Correlating the COVID-19 Opportunist Money Trail

Correlating the COVID-19 Opportunist Money Trail

January 25, 2021 • Caitlin Mattingly

The COVID-19 global pandemic has, predictably, attracted bad actors intent on using fear and uncertainty as a framework for a variety of actions, from run-of-the-mill money scams to targeting phishing, business email compromise, and even espionage.

Recorded Future’s Insikt Group has been following these money trails and correlating them with a spectrum of bad actors around the globe. They recently published their findings in a blog post titled, “Follow the Money: Qualifying Opportunism Behind Cyberattacks During the COVID-19 Pandemic.”

On today’s episode we’ve got a pair of Insikt Group analysts joining us to share their expertise. Lindsay Kaye is Director of Operational Outcomes and Charity Wright is a Cyber Threat Intelligence Analyst.

This podcast was produced in partnership with the CyberWire.

For those of you who’d prefer to read, here’s the transcript:

This is Recorded Future, inside threat intelligence for cybersecurity.

Dave Bittner:

Hello everyone, and welcome to episode 193 of the Recorded Future podcast. I’m Dave Bittner from the CyberWire.

The COVID-19 global pandemic has, predictably, attracted bad actors intent on using fear and uncertainty as a framework for a variety of actions, from run-of-the-mill money scams to targeting phishing, business email compromise, and even espionage.

Recorded Future’s Insikt Group has been following these money trails and correlating them with a spectrum of bad actors around the globe. They recently published their findings in a blog post titled, “Follow the Money: Qualifying Opportunism Behind Cyberattacks During the COVID-19 Pandemic.”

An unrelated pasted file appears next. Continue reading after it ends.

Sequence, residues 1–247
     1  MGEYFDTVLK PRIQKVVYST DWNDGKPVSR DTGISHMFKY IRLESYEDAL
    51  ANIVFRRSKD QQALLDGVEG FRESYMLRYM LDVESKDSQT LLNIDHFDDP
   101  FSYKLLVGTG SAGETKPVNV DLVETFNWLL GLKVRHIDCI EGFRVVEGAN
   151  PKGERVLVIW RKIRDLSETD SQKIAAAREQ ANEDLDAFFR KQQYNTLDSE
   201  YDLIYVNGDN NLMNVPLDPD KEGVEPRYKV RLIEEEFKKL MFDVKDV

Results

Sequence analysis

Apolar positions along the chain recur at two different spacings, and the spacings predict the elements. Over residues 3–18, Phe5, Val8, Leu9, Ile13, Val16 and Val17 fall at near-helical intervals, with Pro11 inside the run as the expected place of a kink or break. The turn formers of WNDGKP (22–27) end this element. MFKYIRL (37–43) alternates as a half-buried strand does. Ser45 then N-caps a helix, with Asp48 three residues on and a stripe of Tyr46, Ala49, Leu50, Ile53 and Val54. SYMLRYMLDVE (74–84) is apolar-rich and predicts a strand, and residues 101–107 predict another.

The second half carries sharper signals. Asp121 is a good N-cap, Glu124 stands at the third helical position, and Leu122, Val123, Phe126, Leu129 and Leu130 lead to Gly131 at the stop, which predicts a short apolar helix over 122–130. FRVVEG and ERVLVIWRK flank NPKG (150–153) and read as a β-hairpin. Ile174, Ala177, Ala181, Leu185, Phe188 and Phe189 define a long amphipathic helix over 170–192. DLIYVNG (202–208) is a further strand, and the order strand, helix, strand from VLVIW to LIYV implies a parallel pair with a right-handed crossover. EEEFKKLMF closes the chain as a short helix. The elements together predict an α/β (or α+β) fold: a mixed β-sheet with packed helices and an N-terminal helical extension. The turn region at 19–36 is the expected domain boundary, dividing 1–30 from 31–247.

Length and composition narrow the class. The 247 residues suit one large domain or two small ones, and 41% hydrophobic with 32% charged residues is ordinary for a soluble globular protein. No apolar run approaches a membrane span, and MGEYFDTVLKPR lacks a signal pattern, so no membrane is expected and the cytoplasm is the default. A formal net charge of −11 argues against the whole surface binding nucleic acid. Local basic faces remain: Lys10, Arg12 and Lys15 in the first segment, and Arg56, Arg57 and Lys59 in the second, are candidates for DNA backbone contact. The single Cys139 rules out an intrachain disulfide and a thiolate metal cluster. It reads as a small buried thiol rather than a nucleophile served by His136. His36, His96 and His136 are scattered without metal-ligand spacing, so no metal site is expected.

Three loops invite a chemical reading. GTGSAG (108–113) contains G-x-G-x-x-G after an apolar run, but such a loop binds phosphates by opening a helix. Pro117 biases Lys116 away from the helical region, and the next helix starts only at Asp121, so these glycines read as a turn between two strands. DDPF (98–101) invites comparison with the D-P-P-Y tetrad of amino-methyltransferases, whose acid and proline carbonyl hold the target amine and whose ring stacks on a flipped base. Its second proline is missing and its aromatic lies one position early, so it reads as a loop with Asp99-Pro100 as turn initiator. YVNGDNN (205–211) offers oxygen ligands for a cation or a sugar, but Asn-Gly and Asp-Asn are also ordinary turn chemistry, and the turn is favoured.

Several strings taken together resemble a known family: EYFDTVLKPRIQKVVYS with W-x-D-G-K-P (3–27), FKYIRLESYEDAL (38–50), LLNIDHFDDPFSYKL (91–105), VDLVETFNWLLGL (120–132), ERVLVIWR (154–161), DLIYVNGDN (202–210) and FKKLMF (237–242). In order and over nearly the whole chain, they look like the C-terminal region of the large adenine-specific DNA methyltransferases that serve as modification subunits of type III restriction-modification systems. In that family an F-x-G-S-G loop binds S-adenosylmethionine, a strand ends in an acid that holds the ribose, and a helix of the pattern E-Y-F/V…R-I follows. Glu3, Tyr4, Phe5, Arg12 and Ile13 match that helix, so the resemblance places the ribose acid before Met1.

On today’s episode we’ve got a pair of Insikt Group analysts joining us to share their expertise. Lindsay Kaye is Director of Operational Outcomes and Charity Wright is a Cyber Threat Intelligence Analyst. Stay with us.

Lindsay Kaye:

I am Lindsay Kaye, and I’m Director of Operational Outcomes at Recorded Future in Insikt Group. So our team is primarily responsible for developing a lot of the technical detections that go into the product; so things like VR rules, the sigma rules, doing also malware analysis and network analysis. Besides running the team, what I do is a lot of malware analysis and some software.

Dave Bittner:

All right. And Charity, how about you?

Charity Wright:

Well, I’m an Expert Cyber Threat Intelligence Analyst within Insikt Group. On a day-to-day basis, I’d say I specialize in really analyzing various cyber threats, but I focus a lot on Chinese threats and disinformation.

Dave Bittner:

All right. Well, today, we’re talking about the research that you all recently published. This is, “Follow the Money: Qualifying Opportunism Behind Cyberattacks During the COVID-19 Pandemic.” Lindsay, let me start with you. What prompted the creation of this report?

Lindsay Kaye: